“The oil slick may be particularly obvious because it is occurring in the sunglint area, where the mirror-like reflection of the Sun off the water gives the Gulf of Mexico a washed-out look. Oil slicks are notoriously difficult to spot in natural-color (photo-like) satellite imagery because a thin sheen of oil only slightly darkens the already dark blue background of the ocean. Under unique viewing conditions, oil slicks can become visible in photo-like images, but usually, radar imagery is needed to clearly see a spill from space.”

CNN presents an interactive timeline of the oil slick movements, as does the NY Times. The NY Times animation includes narrative of events directly on the map, as well as the use of dotted borders to encode uncertainty when showing predictions of spill extent. Both could be improved with visual encodings indicating sensitive geographical regions, such as bird sanctuaries, oyster beds, tourist beaches, etc.  However, it is impressive how quickly the media are able to provide useful visualizations to the public – the flexibility of the medium will allow these designs to be improved as the story develops.

CNN Animation: broad context, few narrations

NY Times Animation: closer context, annotations and prediction

Critique of Culture Colours

David McCandless has published a book of visualizations called "Information is Beautiful".  The visualization that is used on the cover of the book is a graphic of colour connotations across cultures:

[original post at]

First, let me say that this visualization, along with many in the book, is quite visually engaging.  The data is interesting, and it would make a beautiful poster.  That said, from an InfoVis point of view, I think there are issues with this design.

Most importantly, the rings are, due to the geometry, different sizes.  This means that the slices of each annulus get progressively smaller as you move to the centre.  So, the colours of western society are given more visual presence than those of South America. 

The location and dual nature of the legend means that to read this graphic a lot of back and forth referencing is needed. Also, it's difficult without at least faint gridlines to determine which ring each colour block is on.  This is especially true for blocks in isolation, such as the red block in radial 12.

I personally might have visualized this using a small multiples diagram -- one for each word, perhaps with a single vertical slice for each region.


It would not be as compact, but I think it would be clearer.  Of course, this is just a five minute idea and I'm sure it has lots of problems too.  His graphic is clearly designed as a poster, and as such, it works well and would look nicer than my idea hanging on the wall.

Tuesday, April 6, 2010

Visualization Hall of Fame

My former colleagues Irene Ros and Matt McKeon along with Yannick Assogba at IBM Research have released “Many Bills”, a follow up to IBM’s revolutionary social data visualization service “Many Eyes”. Many Bills draws our eyes on the right stuff, using colour appropriately to highlight thematic similarities and differences in the various bills and versions of bills considered by the U.S. House and Senate. Interactive drill down allows an analyst to see an overview and then focus on an area of interest. I like their use of horizontal scrolling – a technique entirely undervalued in visualization in my opinion.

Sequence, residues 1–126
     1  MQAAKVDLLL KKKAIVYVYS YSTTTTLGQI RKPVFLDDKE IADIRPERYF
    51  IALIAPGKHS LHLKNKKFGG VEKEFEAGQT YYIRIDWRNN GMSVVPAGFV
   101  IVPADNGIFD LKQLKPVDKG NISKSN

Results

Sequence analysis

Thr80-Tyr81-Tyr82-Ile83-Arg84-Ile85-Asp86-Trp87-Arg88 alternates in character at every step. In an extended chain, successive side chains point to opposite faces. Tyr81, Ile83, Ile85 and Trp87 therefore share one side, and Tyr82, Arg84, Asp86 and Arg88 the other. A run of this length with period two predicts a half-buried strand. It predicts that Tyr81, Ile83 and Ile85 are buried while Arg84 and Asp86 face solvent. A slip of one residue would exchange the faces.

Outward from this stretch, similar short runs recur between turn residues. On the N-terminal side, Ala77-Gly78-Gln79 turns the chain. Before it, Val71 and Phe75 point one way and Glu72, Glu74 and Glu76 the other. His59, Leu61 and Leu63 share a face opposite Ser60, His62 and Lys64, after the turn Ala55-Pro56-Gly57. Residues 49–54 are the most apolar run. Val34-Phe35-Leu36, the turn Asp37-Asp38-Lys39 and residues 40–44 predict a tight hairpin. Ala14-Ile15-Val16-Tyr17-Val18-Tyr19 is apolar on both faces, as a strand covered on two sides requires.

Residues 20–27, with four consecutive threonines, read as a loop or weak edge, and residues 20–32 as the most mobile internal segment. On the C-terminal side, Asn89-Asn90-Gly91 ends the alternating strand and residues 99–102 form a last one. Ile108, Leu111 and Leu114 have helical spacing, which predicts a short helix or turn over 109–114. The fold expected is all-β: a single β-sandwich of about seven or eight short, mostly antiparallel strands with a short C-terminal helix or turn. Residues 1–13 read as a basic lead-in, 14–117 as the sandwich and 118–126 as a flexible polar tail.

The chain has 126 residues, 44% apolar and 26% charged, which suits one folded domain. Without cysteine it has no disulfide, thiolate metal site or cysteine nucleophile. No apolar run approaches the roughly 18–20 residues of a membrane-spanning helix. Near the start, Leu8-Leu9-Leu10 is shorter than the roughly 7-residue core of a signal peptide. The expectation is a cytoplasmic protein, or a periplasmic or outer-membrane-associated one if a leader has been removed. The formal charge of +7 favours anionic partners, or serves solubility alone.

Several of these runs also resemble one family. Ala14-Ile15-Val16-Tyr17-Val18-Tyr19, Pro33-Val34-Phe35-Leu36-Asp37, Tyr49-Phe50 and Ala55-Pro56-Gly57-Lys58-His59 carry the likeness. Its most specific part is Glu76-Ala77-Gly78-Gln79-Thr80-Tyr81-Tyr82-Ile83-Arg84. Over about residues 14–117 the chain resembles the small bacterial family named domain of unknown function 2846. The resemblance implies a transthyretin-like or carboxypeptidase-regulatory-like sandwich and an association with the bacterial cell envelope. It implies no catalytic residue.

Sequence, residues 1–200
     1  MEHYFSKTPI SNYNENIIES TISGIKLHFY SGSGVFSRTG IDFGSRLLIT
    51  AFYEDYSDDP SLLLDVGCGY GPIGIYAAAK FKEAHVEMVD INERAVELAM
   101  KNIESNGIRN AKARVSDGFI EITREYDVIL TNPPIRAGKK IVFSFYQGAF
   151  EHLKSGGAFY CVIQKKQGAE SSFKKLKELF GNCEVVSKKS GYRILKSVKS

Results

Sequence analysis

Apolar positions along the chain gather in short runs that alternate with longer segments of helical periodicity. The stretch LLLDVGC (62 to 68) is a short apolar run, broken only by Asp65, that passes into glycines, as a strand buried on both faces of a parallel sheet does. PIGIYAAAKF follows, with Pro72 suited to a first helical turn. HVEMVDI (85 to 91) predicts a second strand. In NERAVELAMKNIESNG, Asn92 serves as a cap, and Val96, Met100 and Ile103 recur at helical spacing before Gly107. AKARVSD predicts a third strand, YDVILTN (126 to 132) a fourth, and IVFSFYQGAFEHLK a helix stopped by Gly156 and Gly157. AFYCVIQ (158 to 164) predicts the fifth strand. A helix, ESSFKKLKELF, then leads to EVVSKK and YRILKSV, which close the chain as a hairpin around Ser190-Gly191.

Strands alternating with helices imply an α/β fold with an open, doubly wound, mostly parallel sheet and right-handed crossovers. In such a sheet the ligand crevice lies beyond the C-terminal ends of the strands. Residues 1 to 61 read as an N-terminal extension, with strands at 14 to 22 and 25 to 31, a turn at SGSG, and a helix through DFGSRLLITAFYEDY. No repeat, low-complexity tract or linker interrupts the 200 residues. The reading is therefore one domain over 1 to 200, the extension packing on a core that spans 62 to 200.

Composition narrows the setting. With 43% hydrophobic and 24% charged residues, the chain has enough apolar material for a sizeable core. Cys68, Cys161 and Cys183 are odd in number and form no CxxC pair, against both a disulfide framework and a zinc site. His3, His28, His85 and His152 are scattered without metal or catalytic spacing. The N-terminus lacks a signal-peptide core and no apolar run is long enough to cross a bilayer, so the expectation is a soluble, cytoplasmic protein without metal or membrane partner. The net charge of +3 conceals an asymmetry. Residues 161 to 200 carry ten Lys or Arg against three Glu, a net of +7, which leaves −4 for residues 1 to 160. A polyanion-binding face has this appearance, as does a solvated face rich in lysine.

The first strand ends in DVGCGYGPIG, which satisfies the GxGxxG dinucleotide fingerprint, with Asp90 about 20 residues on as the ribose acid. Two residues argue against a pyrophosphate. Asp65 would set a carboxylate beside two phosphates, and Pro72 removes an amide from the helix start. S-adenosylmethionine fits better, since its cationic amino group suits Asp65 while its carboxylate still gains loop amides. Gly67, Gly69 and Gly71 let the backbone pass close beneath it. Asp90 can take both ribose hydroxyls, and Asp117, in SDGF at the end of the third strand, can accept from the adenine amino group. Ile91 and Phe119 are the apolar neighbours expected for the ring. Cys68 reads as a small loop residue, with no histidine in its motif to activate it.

This tool could be a lobbyist’s dream – or nightmare if the public starts to see what really goes into the laws that govern modern democracies.  Following on their social data expertise, Many Bills lets visitors create, save, and share collections of bills that are of interest.     Check it out for yourself at

The slick tour will get you started on analyzing this fascinating data for yourself, or check out my sample collection below on Canada and the environment. 

Monday, April 5, 2010

Visualization Hall of Shame April 2010

I’m settled at my new job, and I’m looking forward to getting back to this blog now and then.  I plan to feature critiques in the form of “Hall of Shame” and “Hall of Fame” examples of visualization each month.  I hope for more “Hall of Fame” examples, but it depends on what I come across over the month.  This instalment: poorly designed pie charts.

Pie charts generally are not very useful other than to give a vague idea of relative size. We just aren’t that good at reading angles precisely. Adjacency, colour, the absolute angle, and other factors all confound our ability to read pie charts. Add to that the frequent use of ‘visual bling’ such as 3D perspective which makes it virtually impossible to use the charts for anything other than eye candy. Even if pie charts are useful, the metaphor is that they are pieces of pie. Thus the pieces generally add up to one pie. This point is, unsurprisingly, lost on Fox News. One might expect better from journalists, whose job is ostensibly to inform the public on matters of importance. Even more disappointing is the second chart, from Business Objects, the `business intelligence’ arm of SAP – this is a company that makes visual interfaces as their core business, yet their own pie chart makes no sense at all. Shame!

foxpie bo-pie-chart-large

I don’t claim to even understand the data underlying these charts, but if I had to guess, I’d say perhaps the questions asked about each data item were independent.  That is, 70% of people asked “Do you back Palin?” replied “yes”, and 63% replied yes to the same question about Huckabee.  In this case, a bar chart would be more appropriate, to understand the relative levels of support.  To get data for a pie chart, the question would have to be “Pick one: Palin, Huckabee, Romney”.